It can be as simple as the shirt cardboard that Curt Gowdy will use to remind himself of Super Bowl anecdotes, or as complex as only $5 million, worth of sophisticated electronic equipment in the hands of 180 human bodies can make it.

But most of all, the televising America's most important professional football game - the Super Bowl Sunday - is going to be spectacular, promises the National Broadcasting Co. "Actually," said Scotty Connal, executive producer of NBC Sports, "we're pretty excited about all of this."

The network has paid the National Football League $3.5 million for the radio and television rights to the 11th Super Bowl, and will spend $350,000 in production costs to get on the air. The cost easily is justified by the $250,000 per minute NBC is charging advertisers to hawk their various wares in 28 minutes of commercial time during the game.

The audience, the NBC research people say, will be staggering. Some 75 million, including 30 million households, will be watching the game in the United States, with 50 million more waiting or listening worldwide.

The Super Bowl is NBC's showcase event in a hectic period of live coverage of major games that started Jan. 1 with the Base Bowl and Orange Bowl and continued with a college basketball doubleheader Jan. 2, and will include the Senior Bowl Jan. 8 and Sunday's Maryland-N.C. State match.

"It's the most ambitious understaking we've ever done," says Connal.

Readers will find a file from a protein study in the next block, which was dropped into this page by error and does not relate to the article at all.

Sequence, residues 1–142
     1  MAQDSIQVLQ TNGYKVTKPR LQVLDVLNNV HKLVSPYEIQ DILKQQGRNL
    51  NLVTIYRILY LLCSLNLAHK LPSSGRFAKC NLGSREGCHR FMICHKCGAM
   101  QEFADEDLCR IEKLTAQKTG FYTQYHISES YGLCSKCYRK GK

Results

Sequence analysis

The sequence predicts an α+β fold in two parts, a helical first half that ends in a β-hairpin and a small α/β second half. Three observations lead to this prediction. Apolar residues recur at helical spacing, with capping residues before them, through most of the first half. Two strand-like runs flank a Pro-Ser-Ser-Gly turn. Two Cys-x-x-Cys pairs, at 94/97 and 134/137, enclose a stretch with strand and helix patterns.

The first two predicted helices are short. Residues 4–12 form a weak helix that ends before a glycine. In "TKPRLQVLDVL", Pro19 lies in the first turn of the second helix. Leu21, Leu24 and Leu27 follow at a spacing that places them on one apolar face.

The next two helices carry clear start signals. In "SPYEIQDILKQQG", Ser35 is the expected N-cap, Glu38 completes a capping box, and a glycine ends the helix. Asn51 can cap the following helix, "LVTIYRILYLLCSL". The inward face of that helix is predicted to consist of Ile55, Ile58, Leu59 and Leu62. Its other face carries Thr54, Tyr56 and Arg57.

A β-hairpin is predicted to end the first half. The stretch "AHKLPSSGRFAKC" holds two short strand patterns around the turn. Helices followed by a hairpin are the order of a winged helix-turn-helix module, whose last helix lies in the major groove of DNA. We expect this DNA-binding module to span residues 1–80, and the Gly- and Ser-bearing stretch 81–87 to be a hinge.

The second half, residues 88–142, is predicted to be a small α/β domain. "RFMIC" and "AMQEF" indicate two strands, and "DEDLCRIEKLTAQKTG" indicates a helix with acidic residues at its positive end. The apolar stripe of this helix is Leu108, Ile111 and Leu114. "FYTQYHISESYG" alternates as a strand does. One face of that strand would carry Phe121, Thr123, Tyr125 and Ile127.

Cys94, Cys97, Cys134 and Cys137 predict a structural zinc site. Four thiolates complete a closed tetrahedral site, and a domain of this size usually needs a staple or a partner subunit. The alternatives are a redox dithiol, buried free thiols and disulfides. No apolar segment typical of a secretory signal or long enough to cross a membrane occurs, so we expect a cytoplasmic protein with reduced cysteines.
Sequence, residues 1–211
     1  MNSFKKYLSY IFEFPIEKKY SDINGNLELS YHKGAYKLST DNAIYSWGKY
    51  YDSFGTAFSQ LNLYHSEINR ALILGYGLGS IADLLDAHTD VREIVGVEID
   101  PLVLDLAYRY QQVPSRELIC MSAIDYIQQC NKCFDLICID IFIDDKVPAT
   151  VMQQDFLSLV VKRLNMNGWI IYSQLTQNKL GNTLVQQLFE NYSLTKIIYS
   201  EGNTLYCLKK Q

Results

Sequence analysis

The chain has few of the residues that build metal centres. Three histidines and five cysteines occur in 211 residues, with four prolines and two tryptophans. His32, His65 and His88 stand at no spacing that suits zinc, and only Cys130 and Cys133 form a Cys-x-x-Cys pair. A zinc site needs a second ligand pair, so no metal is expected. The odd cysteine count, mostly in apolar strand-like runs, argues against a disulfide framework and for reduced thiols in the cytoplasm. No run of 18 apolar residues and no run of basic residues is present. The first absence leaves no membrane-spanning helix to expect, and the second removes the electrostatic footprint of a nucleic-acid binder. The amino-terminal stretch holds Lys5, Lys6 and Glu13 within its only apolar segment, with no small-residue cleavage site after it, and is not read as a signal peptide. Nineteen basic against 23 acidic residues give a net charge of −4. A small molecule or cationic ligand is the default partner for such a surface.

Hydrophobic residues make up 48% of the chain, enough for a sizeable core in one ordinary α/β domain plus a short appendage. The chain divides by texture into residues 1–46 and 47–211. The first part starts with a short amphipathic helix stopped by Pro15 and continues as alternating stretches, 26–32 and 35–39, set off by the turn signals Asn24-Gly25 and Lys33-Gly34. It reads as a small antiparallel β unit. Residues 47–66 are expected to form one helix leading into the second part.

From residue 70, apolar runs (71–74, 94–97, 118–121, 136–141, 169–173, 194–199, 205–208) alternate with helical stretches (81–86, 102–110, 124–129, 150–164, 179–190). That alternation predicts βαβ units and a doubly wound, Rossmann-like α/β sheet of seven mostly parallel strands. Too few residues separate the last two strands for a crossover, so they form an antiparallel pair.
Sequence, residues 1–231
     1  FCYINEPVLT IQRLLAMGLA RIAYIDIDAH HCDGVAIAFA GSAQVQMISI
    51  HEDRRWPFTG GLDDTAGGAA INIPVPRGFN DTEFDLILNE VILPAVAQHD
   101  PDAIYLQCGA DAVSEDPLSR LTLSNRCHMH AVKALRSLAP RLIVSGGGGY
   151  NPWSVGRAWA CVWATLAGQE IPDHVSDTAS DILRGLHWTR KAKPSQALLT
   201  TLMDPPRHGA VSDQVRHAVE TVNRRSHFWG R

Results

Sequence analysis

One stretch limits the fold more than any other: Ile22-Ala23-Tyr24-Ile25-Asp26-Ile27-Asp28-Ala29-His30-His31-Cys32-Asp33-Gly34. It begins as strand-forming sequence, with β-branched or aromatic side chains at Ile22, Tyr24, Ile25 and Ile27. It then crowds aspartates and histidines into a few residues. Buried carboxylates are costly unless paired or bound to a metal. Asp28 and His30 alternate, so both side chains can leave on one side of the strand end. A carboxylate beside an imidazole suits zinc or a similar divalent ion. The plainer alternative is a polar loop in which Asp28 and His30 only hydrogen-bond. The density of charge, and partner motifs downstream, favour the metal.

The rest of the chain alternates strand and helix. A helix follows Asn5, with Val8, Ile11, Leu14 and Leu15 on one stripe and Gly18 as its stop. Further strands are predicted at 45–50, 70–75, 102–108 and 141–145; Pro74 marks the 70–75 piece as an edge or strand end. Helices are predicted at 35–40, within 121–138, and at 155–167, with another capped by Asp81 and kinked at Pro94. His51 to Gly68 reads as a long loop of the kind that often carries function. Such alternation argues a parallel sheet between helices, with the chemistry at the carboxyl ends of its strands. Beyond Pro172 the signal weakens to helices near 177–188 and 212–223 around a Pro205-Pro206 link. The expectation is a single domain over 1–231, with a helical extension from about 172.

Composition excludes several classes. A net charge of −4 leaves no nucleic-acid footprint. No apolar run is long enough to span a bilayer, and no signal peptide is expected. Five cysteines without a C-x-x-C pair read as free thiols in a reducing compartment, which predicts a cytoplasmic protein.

A total of 224 American television stations, 95 Canadian TV stations, and 315 radio stations in the U.S. will broadcast the Super Bowl, and there will be live satellite feeds to U.S. military statics in West Germany, the Phillipines, the Panama Canal Zone and Korea Taped delayed broadcast also will be shown in West Germany, Great Britain, Taiwan, Turkey and Japan.

"What it basically amounts to," says Connal, the man in charge of production for the affair, "is one tremendous logistical problem. We've spent the last year preparing for it, and we'll be working on it right up until we're on the air."

NBC will utilize 20 cameras, seven slow motion replay discs, five video-tape machines, two vidifonts (for on-the-air graphics), three miles of camera cable and 3 1/2 miles of audio cable.

They have also constructed a 20-foot by 10-foot plexiglass bubble in the south end of the Rose Bowl at $20,000 cost to house a mini-studio for Grandstand, its pregame, halftime and postgames show.

Even now, a parking lot next to the Rose Bowl looks like a huge electronic truck stop, with 16 mobile units lined up in neat rows. They got a convoy, buddy, and you better believe it.

And still, with all those wheels and wires, cassettes and cameras, announcers and analysts, there is always room for error. Connal people still ask him why NBC was not able to produce a replay of the controversial roughing-the-passer call in the Oakland-New England game three weeks ago.

The explanation is that NBC had only four slow-motion replay discs in operation that day. It was an obvious passing situation, so three of the cameras were focused on three receivers. A fourth was used to follow the ball.

The roughing call on by Sugar Bear Hamileton occurred after Oakland quarterback Ken Stabler released the football, so there was no videotape to replay.